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  • What do our ISA choices say about us?

    More people added money to their ISA in the 2019/20 tax year compared to the year before. We look at what we can learn from the latest set of HMRC statistics.

    In the 2019/20 tax year, we paid £75 billion into 13 million adult ISAs. This was up £7.1 billion from a year earlier.

    This is the latest data HMRC have published. It is pre-pandemic, so the saving and investing habits of UK adults might have changed. But the principles still stand.

    We’ve taken a look at these numbers to see what our ISA choices say about us.

    This article isn’t personal advice. Tax rules can change, and their benefits depend on your personal circumstances. If you’re not sure if an ISA is right for you, ask for financial advice.

    Which ISAs proved popular?

    Both Cash ISAs and Stocks and Shares ISAs continued to be popular in the 2019/20 tax year, while the number of Lifetime ISAs (LISAs) more than doubled.

    Some of this was likely due to the impact of the pandemic. A dip in the stock market towards the end of the last tax year, alongside more spare time, money and enthusiasm for investing could’ve all made a difference.

    Next year’s figures might well show another increase.

    Percentage split of ISAs opened in the UK

    Cash ISA Stocks and Shares ISA Lifetime ISA Innovative Finance ISA
    74.6% 21.0% 4.2% 0.3%

    Percentage split of amounts added

    Cash ISA Stocks and Shares ISA Lifetime ISA Innovative Finance ISA
    65.3% 32.4% 1.7% 0.6%

    Source: HMRC. Based on provisional data for the 2019/20 tax year, as at 5 April 2019, except where specified. Published on 8 June 2021.


    The rise of the Lifetime ISA

    Although LISAs make up a relatively small proportion of the total number of adult ISAs opened, their popularity’s increased.

    The number of LISAs opened more than doubled – up from 223,000 to 545,000. The amount paid in also doubled to £1.26 billion.

    LISAs only launched in 2017, so some of this popularity could be down to the product’s increased familiarity and reputation with savers and investors.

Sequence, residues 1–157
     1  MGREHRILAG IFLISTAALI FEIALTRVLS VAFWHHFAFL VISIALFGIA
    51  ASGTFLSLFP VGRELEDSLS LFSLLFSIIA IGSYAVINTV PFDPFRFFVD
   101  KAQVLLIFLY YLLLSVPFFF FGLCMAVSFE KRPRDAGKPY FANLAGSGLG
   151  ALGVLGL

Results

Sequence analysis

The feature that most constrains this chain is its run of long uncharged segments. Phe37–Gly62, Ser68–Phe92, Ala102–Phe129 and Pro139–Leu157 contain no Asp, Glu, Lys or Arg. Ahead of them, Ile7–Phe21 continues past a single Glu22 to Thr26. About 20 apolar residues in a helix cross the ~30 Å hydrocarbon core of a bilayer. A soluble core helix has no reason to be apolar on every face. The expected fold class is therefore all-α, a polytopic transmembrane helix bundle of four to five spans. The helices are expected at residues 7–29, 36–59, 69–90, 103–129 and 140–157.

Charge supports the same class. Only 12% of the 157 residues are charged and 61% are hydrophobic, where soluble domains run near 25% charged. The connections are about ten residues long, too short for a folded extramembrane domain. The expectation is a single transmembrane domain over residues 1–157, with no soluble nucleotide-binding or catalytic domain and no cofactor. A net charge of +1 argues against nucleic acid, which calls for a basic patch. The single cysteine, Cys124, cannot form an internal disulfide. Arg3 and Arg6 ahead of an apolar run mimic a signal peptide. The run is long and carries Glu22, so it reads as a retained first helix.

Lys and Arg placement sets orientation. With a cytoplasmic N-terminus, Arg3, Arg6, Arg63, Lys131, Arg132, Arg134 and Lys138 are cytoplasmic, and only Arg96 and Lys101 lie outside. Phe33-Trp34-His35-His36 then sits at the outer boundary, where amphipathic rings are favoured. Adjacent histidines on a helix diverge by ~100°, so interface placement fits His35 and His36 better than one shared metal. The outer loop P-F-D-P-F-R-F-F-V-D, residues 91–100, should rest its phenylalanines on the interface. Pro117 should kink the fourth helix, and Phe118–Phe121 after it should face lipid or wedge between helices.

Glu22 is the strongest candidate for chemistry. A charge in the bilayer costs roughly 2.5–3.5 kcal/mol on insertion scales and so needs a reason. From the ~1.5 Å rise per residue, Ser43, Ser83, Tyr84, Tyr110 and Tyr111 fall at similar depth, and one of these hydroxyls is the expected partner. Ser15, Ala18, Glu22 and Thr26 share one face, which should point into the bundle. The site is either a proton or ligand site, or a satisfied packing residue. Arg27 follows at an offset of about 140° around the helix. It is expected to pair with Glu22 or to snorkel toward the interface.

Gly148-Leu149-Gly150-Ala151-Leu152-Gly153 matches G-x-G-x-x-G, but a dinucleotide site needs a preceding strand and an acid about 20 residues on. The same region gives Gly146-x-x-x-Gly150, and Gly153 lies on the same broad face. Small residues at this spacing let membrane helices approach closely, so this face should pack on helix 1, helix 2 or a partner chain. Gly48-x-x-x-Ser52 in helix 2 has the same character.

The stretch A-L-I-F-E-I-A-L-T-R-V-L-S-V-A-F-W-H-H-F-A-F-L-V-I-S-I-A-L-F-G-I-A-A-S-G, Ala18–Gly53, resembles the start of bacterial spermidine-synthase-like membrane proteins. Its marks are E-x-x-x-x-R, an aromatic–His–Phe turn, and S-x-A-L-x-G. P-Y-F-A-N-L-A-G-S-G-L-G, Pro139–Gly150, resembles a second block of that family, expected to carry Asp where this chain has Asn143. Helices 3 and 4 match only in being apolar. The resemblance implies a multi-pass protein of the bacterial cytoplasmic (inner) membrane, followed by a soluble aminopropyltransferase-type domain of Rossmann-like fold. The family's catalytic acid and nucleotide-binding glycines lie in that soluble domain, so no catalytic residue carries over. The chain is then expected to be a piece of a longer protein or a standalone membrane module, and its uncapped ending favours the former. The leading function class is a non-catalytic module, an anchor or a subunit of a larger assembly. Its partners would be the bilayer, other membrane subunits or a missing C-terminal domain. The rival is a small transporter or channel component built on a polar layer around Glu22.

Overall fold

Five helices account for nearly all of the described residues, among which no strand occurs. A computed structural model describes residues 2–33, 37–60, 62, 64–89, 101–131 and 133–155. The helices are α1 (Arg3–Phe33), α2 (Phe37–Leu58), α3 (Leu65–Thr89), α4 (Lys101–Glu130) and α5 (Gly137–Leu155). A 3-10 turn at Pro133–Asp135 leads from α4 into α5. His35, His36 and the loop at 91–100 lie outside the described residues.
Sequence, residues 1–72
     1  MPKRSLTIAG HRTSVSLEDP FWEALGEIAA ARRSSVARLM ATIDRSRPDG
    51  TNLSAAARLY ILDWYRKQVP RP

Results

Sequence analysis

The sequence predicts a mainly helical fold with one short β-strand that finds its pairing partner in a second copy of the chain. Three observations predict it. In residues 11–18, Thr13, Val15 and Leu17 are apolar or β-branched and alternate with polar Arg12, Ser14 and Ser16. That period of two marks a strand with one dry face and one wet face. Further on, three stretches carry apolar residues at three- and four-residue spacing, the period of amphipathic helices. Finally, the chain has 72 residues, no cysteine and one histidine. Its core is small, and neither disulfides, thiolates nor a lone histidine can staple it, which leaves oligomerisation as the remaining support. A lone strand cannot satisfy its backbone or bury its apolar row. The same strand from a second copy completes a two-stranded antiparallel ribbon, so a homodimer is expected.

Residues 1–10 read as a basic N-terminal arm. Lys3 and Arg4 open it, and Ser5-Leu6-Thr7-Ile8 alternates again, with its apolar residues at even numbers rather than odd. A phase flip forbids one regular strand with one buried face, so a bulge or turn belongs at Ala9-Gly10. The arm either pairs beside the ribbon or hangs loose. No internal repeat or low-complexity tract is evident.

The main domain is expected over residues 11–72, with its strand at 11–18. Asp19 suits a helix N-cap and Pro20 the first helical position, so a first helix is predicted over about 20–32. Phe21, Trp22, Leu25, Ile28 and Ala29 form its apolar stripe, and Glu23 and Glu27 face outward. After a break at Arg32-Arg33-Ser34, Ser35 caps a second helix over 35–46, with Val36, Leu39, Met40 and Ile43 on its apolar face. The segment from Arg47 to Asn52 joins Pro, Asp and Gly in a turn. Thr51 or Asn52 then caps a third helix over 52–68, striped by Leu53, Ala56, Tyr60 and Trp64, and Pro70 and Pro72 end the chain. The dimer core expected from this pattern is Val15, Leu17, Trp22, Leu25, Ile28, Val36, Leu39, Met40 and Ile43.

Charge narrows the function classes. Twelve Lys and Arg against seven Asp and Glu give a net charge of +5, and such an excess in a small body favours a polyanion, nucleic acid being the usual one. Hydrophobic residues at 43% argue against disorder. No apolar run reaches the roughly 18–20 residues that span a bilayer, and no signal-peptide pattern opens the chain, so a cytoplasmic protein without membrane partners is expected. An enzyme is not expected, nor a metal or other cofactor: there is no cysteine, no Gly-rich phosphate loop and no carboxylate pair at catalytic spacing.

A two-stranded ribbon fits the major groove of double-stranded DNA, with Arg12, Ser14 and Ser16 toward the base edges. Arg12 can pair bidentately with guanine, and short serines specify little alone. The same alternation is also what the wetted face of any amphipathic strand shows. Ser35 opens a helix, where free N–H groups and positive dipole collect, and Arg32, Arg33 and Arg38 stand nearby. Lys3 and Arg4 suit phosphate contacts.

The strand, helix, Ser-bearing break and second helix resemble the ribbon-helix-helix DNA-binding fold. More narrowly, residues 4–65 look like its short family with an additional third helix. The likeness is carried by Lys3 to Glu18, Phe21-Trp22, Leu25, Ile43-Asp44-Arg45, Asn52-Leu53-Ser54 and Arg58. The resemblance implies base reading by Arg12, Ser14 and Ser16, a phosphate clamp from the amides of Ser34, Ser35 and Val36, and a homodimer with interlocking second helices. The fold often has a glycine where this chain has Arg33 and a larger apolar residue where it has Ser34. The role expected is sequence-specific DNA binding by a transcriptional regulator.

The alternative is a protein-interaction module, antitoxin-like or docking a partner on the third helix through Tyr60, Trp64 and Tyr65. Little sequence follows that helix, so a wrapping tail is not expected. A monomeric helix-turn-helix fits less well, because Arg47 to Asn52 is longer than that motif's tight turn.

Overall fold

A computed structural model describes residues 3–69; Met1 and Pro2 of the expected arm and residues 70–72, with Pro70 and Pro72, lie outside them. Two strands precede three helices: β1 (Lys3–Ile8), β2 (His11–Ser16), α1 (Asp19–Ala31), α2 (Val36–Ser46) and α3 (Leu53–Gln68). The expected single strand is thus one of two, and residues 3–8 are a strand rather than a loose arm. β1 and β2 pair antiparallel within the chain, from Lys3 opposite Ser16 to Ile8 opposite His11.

It might also be a sign that savers and investors have caught on to the fact there’s a government bonus available. If you’re between 18 and 39 years old, you can open a LISA and contribute up to £4,000 each year until you turn 50. The government will then add a further 25%.

    So for every £4 you save, you get £1 extra – up to £1,000 per tax year.

    You can withdraw money from a Lifetime ISA to buy your first home, or at age 60. Other withdrawals will usually mean a 25% government charge, so you could get back less than you put in. Using a LISA for later life complements a pension. ISA tax rules can change, and their benefits depend on your circumstances.


    How popular are ISAs where you live?

    When it comes to ISAs, London doesn’t stand as the capital.

    In fact, the city has the lowest percentage of the adult population with an ISA in the whole of England, at 34%. Down in the South West, this figure is as high as 44%.

    But it’s the South East that comes out top of the charts for average amount saved. Residents here have an average of £33,898 tucked away in an ISA.

    Location Percentage of adult population with an ISA Average amount in an ISA
    North East 35.5% £23,117
    North West & Merseyside 36.5% £25,790
    Yorkshire & The Humber 37.0% £25,779
    East Midlands 39.4% £25,677
    West Midlands 37.9% £25,771
    East of England 42.3% £29,526
    London 34.4% £31,539
    South East 43.2% £33,898
    South West 44.4% £30,136
    Wales 37.3% £24,544
    Scotland 31.5% £29,861
    Northern Ireland 28.8% £21,547

    Source: HMRC for the 2018/19 tax year, as at 5 April 2019, except where specified. Published on 8 June 2021.

    Does gender impact our ISA preference?

    More women held an ISA at the end of the 2018/19 tax year – 52% of women, compared to 48% of men.

    But this doesn’t tell the whole story. In fact, the stats are arguably more interesting when you look at the split between cash over investments.

    Women made up 56% of those paying into just a Cash ISA. Men on the other hand made up 57% of those using a Stocks and Shares ISA or both Stocks and Shares ISA and Cash ISAs.

    This might explain why the average value of ISAs for women is £27,098, compared to £30,089 for men (a difference of £2,991, or 9.9% less). This is sometimes called the ‘gender ISA gap’.

    A big factor at play here is the fact women earn less than men on average. And the more you earn, the more likely you are to have an investment ISA. It tends to reach a tipping point when our income reaches £30,000 – before then we’re more likely to have a Cash ISA, and after that we’re more likely to favour Stocks and Shares ISAs.

    Investing your ISA allowance instead of holding cash has its benefits – the main one being that over the long term it’s likely to grow by more. But you should only think about investing if you’re not going to need the money for at least five years. You need to think about your goals and how much risk you’re happy taking when deciding what’s right for you.

    The HL Stocks and Shares ISA

    The HL Stocks and Shares ISA is our most popular account.

    If you’re thinking of investing your ISA allowance, the good news is it’s easy to get started. It takes about ten minutes to apply online.

    You can start an ISA from £100 or £25 per month. All you need is your debit card and national insurance number. Remember, unlike the security offered by cash, investments will rise and fall in value, so you could get back less than you put in. Investing should typically only be considered to help reach your longer-term goals.


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